From January 2020, we will be taking a little sabbatical from running weekly Babel Babies and Bambinos sessions in Bristol and Cheltenham. It has been a whirlwind few months, with our multilingual method gaining attention from education policy makers and researchers across the UK and abroad. It's a very exciting time for language education and we are right at the heart of the conversation. In order to make the biggest impact on the future of language education for all children, we need to pause our weekly sessions with you and focus our efforts on consolidating what we have learned through singing languages with your growing families over the last eight and a half wonderful years.
We have been thinking about how to get our positive message about learning languages together out to a wider audience, and how to extend Babel Babies up the ages into primary school as well as geographically, for some time. Our team is excited about working on this together over the early part of 2020. I...
This week Babel Babies won the prestigious Muddy Stilettos Award for Best Children's Business in Gloucestershire.
We are über the mond to say the least, and would like to thank all of you wonderful people for your support for our little language revolution.
Things have certainly come a long way since Cate and Ruth set up the first group in Cheltenham eight years ago! We now have parent-and-child music and language sessions running across Bristol in Long Ashton, Bedminster, Clifton, Easton, Horfield and Thornbury. In Cheltenham you can find Babel Babies in The Exmouth Arms on Mondays and Thursdays, John Lewis on Tuesdays, and the School House Café on Fridays. See the full timetable here. And we are bringing our unique multilingual approach to language education to some amazing nurseries and preschools too!
We love singing languages with you all and can't wait to see what the next eight years brings! Grazie! Shukran! Merci! Danke! Tusen tack!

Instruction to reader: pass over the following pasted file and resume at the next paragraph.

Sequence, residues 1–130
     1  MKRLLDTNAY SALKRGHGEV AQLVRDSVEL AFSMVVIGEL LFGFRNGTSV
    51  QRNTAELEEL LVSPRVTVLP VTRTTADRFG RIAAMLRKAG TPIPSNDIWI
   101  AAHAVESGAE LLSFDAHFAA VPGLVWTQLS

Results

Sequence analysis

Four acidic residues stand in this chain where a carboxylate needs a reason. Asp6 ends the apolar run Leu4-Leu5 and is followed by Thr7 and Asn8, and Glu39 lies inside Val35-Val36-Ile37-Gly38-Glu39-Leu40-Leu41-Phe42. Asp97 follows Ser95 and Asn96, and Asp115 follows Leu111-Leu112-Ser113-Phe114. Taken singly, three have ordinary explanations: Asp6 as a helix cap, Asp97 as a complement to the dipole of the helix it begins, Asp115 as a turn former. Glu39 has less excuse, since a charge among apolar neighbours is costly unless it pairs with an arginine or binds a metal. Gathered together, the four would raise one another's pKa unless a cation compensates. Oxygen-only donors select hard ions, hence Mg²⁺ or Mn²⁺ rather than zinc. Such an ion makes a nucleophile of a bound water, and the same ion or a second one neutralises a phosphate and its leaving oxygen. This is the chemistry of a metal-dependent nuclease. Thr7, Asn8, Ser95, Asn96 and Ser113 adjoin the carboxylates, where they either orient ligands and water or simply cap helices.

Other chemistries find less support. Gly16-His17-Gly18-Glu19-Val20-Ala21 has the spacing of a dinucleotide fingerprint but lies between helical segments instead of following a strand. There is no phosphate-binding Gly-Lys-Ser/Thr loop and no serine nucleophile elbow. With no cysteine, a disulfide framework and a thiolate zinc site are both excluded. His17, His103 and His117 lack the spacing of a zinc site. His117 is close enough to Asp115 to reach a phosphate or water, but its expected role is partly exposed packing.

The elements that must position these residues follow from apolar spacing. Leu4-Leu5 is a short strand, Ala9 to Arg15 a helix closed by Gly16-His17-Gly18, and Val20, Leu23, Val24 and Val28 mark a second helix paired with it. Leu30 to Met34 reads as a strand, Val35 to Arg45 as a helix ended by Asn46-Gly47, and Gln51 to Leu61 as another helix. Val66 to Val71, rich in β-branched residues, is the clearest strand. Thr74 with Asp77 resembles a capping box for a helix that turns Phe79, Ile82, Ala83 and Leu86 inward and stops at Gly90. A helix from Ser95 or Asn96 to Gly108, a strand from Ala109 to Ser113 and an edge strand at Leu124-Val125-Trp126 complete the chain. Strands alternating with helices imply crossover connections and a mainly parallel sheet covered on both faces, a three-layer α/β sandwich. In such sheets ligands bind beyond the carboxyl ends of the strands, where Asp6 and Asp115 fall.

We run Babel Babies baby, toddler and pre-school language sessions in five-week mini ‘terms’ for lots of reasons. When we first started out we used to change the songs every week. Imagine that! Now we repeat exactly the same songs for five weeks.
Experience tells us that five weeks is just the right amount of time for songs in foreign languages to filter into our long-term memory.
I think that the usual learning curve for a first-time Babel Babies goer is:
Week 1 – Whoa! I’ll never remember all those words!
Week 2 – Oh yes, I vaguely remember that from last week!
Week 3 – Ah ha, this is starting to make sense now!
Week 4 – Yay, I nearly got it right that time!
Week 5 – Woo hoo! I’m singing in eight languages!
Spaced repetition is a wonderful learning technique. We then take the songs you’ve just learned and put some of them in the next term as well, only changing three or four each term to ensure continuity and progression of...
I’ve just read an interesting article about the benefits of teaching foreign languages to our children. It was written by a lady who has moved her entire family to France in order to pursue their language goals!
Whilst we can’t all move to France and immerse ourselves in their language and culture for several years like this lucky family, we can take on board some of the writer’s ideas.
1) Learning languages is good for our brains*
(*note, I first wrote this blog in 2012 and the research is more nuanced now... visit this page to read more about the science!)
Research into bilingualism sometimes* shows that babies’ brains develop more flexibility when they speak two or even three languages from an early age. The left and right sides of the brain work better together and this aids maths, creative thinking and problem-solving as well as language acquisition. I can already see Dylan flipping through his mental multilingual picture book when we read familiar stories...